The other thing about the mental load is that it is continuous – that means it does not seem to end. Rather, more just gets piled on top of it. When we couple the mental load with the physical load – so the actual carrying out of these tasks - it is no wonder many mothers feel burnout and overwhelmed. The exhaustion of carrying the weight of the family and household can make it feel like we can barely keep our heads above water. 

This is exactly when we need to ‘drop anchor’. And here’s how we can do it in three steps:

1. Acknowledge how you are feeling. 

In this step, I want you to acknowledge how you are feeling. With kindness, and curiosity, notice what feelings are showing up for you. Name these feelings – for example, “here comes anxiety”. Also notice what your mind might be saying – for example “I feel really overwhelmed”. 

2. Come back to your body and ground yourself 

As you notice and become aware of how you are feeling and what you are thinking, I want you to come back into your body and connect with yourself. Imagine your body to be your boat and the waves as your thoughts and feelings. Instead of battling the waves, you are going to find stillness. 

Push your feet firmly into the ground and as you do so, notice how the ground beneath you is supporting you. If you are sitting down, notice how the chair supports you, and how you are grounded in the here and now. You may like to stretch different parts of your body or touch your hands together and notice how it feels to connect with your body. You may even like to take one or two deep breaths. As you connect with yourself and notice how your body is grounded, imagine that you are slowly dropping the anchor down. 

3. Engage in the world around you. 

Once you have connected with your body, and grounded yourself, bring your attention to the world around you. Notice five things that you can see with a child-like curiosity – notice their colour, texture and shape. Maybe you can hear something? Focus in on what you can hear. Or if you are engaged in a task, bring your attention fully to the task at hand. Engaging fully in the world around you helps to connect you with the here-and-now, further grounding you and anchoring you to this moment in time.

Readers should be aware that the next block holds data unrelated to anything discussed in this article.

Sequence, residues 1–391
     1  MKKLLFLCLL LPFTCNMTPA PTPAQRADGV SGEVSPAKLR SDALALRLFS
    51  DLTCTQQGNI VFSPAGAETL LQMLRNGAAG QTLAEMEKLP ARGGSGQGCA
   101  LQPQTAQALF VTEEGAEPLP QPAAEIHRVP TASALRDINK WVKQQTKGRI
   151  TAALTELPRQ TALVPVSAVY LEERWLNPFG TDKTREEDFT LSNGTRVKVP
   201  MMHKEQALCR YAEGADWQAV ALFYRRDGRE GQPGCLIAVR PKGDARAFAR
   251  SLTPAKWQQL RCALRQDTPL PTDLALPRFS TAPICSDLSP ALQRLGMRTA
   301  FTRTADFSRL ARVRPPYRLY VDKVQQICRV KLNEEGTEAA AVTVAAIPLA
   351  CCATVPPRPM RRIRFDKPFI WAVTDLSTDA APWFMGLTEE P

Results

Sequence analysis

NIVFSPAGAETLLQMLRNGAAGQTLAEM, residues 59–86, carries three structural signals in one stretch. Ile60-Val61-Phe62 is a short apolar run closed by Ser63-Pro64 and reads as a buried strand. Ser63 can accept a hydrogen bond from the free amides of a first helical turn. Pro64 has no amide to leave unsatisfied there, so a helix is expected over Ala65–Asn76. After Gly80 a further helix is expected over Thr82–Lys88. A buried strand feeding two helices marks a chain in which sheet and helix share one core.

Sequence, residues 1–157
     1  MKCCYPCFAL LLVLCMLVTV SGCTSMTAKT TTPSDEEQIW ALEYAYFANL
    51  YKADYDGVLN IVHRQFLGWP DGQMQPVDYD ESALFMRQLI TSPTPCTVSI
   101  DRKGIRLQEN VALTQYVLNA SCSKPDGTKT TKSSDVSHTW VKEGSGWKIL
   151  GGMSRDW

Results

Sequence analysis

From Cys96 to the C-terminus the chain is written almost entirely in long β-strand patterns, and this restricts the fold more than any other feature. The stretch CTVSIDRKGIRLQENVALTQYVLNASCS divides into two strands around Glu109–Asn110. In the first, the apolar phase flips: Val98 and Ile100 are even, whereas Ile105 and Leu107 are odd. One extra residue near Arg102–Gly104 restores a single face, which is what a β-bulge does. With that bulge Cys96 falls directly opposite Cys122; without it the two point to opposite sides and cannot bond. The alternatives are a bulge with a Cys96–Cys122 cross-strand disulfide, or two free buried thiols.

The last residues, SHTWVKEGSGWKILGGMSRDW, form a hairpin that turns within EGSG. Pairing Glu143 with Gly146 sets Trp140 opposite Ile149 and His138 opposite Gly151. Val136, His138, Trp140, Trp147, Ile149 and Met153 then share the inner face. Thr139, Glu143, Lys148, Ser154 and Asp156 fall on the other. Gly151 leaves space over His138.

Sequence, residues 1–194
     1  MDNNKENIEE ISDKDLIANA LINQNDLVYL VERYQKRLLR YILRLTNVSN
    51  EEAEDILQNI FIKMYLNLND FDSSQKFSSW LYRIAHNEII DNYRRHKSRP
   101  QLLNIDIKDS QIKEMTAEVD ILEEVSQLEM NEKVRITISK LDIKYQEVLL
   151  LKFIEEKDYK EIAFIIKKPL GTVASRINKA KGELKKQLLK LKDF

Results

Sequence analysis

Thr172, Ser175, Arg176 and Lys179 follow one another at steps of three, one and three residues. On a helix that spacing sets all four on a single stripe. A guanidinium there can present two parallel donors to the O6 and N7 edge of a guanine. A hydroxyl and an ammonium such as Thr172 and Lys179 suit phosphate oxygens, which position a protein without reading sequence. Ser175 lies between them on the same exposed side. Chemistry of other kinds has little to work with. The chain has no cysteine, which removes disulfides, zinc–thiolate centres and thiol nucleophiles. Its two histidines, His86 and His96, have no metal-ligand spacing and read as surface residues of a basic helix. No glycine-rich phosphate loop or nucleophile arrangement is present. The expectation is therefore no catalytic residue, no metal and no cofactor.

It is a good idea to go through these three steps about three times; notice and be aware of how you are feeling, connect with your body and engage and ground yourself in the present moment. As you work through these three steps you will ‘anchor’ yourself in the present moment and allow the storm to pass. 

Remember – you are not getting rid of the storm, but you are grounding yourself as it passes. I encourage you to do this each time an emotional storm begins to surface, or the mental load gets too much. When you can anchor yourself, and find stillness, you can finally get a break from the load that you are carrying.

"Whatever the weather, or whatever happens on the surface of the mountain - the mountain stands firm, strong, grounded and permanent. We can be like that mountain, observing thoughts, feelings, sensations and knowing inner stillness" - unknown